The Society of Thoracic Surgeons, The Society of Cardiovascular Anesthesiologists, and The American Society of ExtraCorporeal Technology

Clinical Practice Guidelines—Anticoagulation During Cardiopulmonary Bypass

Linda Shore-Lesserson, MD; Robert A. Baker, PhD, CCP; Victor A. Ferraris, MD, PhD; Philip E. Greilich, MD; David Fitzgerald, MPH, CCP; Philip Roman, MD, MPH; John W. Hammon, MD

Disclosures

Anesth Analg. 2018;126(2):413-424. 

In This Article

Reversal of Anticoagulation During Cardiac Operations

Class IIa Recommendation

  • Protamine dosing for heparin reversal: It can be beneficial to calculate the protamine reversal dose based on a titration to existing heparin in the blood as this technique has been associated with reduced bleeding and blood transfusion. (Level of Evidence B)

Heparin is by far the most commonly used anticoagulant during the conduct of cardiac operations, whether done with or without CPB. The preeminent benefit of heparin as compared with other anticoagulants is the ability to reverse its effect with protamine in a safe and expeditious manner.

The goals of successful anticoagulation during CPB include limiting clotting and safely reversing the anticoagulation effect during and at the conclusion of operation, respectively. For the vast majority of operations performed using CPB, heparin is the anticoagulant used and protamine is the reversal agent. An important part of the operation is to adequately remove all of the heparin effect at the end of operation. There are at least three methods commonly used to detect residual heparin effect after protamine reversal: (1) ACT measurement; (2) point-of-care testing using protamine titration of heparinized blood samples; and (3) thromboelastography with or without heparinase. Comparisons of these three methods suggest that ACT-based measurements of residual heparin effect are the least accurate means of detecting residual heparin effect.[84,85]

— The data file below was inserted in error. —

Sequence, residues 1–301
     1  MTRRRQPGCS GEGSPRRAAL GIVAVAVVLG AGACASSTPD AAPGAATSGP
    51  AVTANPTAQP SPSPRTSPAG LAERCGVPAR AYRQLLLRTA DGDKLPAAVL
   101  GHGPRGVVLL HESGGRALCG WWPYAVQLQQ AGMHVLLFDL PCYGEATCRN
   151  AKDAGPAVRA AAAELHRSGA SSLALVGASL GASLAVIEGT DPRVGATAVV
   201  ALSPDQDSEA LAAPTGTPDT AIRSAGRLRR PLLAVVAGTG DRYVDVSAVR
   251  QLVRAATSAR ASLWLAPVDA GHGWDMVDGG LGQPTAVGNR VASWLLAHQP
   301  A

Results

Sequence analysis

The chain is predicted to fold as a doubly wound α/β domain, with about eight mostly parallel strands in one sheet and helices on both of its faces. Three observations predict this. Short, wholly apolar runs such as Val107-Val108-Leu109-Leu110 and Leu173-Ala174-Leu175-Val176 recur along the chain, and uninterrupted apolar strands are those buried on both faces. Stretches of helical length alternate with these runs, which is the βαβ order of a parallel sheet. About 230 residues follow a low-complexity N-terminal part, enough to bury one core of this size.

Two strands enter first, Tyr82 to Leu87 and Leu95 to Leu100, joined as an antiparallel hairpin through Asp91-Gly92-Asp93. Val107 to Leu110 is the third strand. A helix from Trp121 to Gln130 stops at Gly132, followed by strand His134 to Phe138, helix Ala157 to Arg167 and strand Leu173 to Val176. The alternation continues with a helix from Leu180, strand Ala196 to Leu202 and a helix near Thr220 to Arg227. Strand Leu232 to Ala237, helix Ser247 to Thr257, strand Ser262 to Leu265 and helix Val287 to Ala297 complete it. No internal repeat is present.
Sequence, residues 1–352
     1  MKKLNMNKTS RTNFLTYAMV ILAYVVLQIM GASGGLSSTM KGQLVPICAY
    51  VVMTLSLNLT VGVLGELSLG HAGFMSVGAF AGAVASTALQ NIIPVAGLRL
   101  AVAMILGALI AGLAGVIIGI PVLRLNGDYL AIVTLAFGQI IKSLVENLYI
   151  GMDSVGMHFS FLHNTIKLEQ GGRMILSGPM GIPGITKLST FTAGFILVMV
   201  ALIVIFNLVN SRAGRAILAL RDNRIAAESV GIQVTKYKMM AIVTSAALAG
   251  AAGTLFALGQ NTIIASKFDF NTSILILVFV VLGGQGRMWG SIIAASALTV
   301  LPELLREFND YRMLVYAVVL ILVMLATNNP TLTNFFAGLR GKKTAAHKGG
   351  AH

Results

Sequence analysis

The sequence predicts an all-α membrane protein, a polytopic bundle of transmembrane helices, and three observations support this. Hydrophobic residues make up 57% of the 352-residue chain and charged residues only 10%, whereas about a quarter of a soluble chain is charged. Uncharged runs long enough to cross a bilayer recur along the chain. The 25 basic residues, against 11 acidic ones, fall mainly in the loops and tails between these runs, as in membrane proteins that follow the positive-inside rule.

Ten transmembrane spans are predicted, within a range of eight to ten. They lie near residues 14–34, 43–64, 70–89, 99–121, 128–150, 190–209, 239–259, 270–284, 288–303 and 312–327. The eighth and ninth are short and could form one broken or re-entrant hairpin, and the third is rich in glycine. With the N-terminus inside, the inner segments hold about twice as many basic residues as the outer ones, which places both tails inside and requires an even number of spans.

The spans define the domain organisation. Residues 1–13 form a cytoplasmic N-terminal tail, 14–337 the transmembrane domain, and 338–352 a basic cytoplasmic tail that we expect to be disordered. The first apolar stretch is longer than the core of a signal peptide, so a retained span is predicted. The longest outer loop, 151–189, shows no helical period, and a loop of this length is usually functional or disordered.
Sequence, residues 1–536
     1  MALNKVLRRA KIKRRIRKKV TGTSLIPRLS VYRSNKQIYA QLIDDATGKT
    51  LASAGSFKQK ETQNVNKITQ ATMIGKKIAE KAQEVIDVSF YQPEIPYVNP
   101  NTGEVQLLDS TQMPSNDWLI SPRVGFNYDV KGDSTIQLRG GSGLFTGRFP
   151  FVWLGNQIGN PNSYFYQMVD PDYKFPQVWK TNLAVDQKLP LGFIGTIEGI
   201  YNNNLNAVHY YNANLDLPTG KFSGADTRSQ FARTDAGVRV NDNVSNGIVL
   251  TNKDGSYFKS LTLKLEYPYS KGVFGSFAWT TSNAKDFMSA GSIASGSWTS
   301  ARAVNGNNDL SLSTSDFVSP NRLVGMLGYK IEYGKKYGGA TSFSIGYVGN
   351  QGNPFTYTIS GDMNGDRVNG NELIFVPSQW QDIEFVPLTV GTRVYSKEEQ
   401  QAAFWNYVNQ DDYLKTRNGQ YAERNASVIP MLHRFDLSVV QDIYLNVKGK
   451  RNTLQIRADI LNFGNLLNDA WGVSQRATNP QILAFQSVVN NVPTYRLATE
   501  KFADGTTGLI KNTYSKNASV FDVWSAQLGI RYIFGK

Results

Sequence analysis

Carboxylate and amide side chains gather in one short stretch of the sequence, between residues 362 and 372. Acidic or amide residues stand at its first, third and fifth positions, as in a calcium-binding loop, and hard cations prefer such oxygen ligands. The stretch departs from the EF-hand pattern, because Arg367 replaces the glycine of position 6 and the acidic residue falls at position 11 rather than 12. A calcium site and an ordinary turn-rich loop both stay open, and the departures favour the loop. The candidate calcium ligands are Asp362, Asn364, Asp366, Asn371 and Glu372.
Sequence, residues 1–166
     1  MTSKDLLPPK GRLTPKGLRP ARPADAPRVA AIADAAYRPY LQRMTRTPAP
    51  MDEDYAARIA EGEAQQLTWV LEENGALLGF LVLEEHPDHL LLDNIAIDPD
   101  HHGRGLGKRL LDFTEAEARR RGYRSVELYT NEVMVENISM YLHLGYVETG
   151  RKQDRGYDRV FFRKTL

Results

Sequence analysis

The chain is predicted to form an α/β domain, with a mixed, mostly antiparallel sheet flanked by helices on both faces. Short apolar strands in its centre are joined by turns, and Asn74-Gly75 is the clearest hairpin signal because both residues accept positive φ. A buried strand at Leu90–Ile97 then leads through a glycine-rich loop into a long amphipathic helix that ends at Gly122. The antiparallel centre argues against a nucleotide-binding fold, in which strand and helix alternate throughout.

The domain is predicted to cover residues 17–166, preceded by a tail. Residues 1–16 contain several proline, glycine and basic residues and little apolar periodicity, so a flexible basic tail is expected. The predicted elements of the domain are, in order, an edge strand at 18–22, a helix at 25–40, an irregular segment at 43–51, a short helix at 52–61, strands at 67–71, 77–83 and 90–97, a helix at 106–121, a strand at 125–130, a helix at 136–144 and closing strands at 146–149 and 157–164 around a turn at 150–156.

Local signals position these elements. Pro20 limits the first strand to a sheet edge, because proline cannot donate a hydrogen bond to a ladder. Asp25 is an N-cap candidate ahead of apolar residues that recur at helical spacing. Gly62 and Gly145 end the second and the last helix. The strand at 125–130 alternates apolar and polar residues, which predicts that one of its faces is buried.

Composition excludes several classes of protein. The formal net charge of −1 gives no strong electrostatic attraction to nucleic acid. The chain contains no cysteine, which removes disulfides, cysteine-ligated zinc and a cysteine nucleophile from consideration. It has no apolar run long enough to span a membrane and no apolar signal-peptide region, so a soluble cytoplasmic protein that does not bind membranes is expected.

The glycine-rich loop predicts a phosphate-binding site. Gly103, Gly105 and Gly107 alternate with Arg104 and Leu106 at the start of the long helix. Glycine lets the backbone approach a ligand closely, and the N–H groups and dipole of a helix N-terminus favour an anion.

Methods of heparin reversal are several and controversy exists regarding the optimal strategy. Traditional methods administer heparin based on body weight and protamine based on the amount of heparin administered. Certain methods of protamine administration depend on titration of protamine to neutralize heparin in blood samples at the end of CPB. The literature comparisons of these methods are mixed, with most reports[86–88] but not all[89,90] favoring titration methods. A meta-analysis of standard weight-based versus titrated protamine dosing favors titrated dose protamine for heparin reversal because of less postoperative blood loss and decreased packed red blood cell transfusion.[91]

Two studies suggest that viscoelastic measurements are useful indicators of adequate titrated heparin reversal.[92,93] These studies found that individualized heparin-protamine titration decreased the protamine-to-heparin ratio, improved post-CPB thromboelastometric hemostatic factors, and reduced the incidence of severe blood loss compared with an ACT-based strategy. In addition, evidence supports the use of sequential heparin and protamine titrations after CPB to further limit blood loss and to provide adequate protamine reversal.[86]